When I was a teenager, I had a horse, a black Anglo-Arab gelding I bought as a two-year old from a breeder in Yarrow. My family lived then in Matsqui (my father was in the Navy and was stationed at the radar base there). We rented an old house on a farm and the farmers who owned it allowed me to keep my horse in a small orchard. When we moved back to Victoria after that year in Matsqui, my parents bought a house on half an acre in Royal Oak. My dad fenced part of it for the horse. It wasn’t really enough room for him and the neighbour across the road, Bill Mahon, said I could use one of his fields, also an orchard. His family had been Saanich pioneers and he said that the old house behind the one he lived in was the oldest house in Saanich.
I tried to confirm that a few years ago when I was writing Euclid’s Orchard but the archivist I wrote to insisted that the street hadn’t existed before the 1950s.(This is the newer house on the property, probably dating from the early years of the 20th c.)
It was useless to argue, though I tried, remembering that Bert Footner, the man who’d built the Colonial bungalows at Walhachin also lived on the street in a house he’d built for his wife and daughter Molly after they’d left Walhachin in (I think) the 1930s. Anyway, Bill Mahon said, Oh sure, use the field. So I did. I turned my horse out into a beautiful old orchard populated by a few steers. Horse and cattle ignored one another.
But then someone knocked on our door. It was a man who was so irate that my horse was in the field that he rented for his steers. It turned out he had a proper lease agreement for the land and that Bill Mahon hadn’t consulted him. And it was not ok with him to have my horse in with his cattle. The two species treat land differently and he felt my horse would dig up the soil with his hooves and ruin the grass. So I moved my horse back to the little paddock my father had fenced, though eventually I found a barn and large field on Glanford Avenue, so that story ended well.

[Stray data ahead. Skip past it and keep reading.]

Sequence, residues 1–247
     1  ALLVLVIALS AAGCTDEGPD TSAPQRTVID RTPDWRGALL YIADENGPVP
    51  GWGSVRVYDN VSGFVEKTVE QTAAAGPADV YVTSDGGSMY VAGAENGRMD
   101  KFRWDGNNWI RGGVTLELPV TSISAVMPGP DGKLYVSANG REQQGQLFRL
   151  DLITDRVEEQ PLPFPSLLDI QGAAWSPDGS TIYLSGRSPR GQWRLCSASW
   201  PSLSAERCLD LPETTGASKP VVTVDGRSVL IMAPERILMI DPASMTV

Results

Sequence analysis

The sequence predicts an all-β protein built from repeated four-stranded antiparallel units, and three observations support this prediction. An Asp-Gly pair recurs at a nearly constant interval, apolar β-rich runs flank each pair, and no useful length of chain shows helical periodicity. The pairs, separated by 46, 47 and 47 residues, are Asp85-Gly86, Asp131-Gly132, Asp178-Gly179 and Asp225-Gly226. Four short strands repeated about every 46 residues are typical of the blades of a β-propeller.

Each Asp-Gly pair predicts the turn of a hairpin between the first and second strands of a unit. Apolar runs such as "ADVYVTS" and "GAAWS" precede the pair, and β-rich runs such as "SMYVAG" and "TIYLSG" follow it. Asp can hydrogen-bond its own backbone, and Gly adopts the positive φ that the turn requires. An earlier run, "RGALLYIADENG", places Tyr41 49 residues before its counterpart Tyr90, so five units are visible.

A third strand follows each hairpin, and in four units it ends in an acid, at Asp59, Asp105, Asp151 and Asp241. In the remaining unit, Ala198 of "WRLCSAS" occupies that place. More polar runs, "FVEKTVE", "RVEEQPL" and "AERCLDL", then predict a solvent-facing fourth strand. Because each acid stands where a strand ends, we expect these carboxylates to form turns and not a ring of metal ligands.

The man who was so irate turned out to be a very nice guy. He farmed on Christmas Hill — I think he might have been Tom Pendray?– and rented the extra grazing for some of his animals. He told me about some areas on Christmas Hill where I could ride and I remember how beautiful the area was. Garry oaks, camas in late spring, the scent of wild onions underfoot as I cantered my horse along the ridge of the hill. In those years there were lots of wild spaces close to the city. The area above Rithets Bog was one of them. I rode there too and you could go all the way to Blenkinsop Road through golden grass and oaks. Occasionally someone would spot a cougar. Often pheasants. I dream of these areas still.
My daughter Angelica knows how much I love Garry oaks and she sent me a little box of acorns before Christmas. Some were from Christmas Hill, the part of it that’s now a nature sanctuary. I planted them and am happy to see them sprouting up in the sunroom.
Last year I meant to plant out the other Garry oak I grew from an acorn pocketed at Rithets Bog but somehow didn’t get to it. This summer I will. There’s a mossy area just to the south of my study and I think a little grove of oaks would be ideal there. A haunt of Pan, of the memory of riding through dry leaves, one hand on my horse’s damp neck, the oaks remembering an older soil, Christmas Hill and Rithets Bog and older, older, people gathering camas roots, bull rushes at Swan Lake, chocolate lily roots, fern rhizomes, crabapples and salmonberries.
There are days when I live in the moment, as most of us do, and there are days when everything I do is in service to memory, little scraps of it here and there until there’s enough of it to make a story.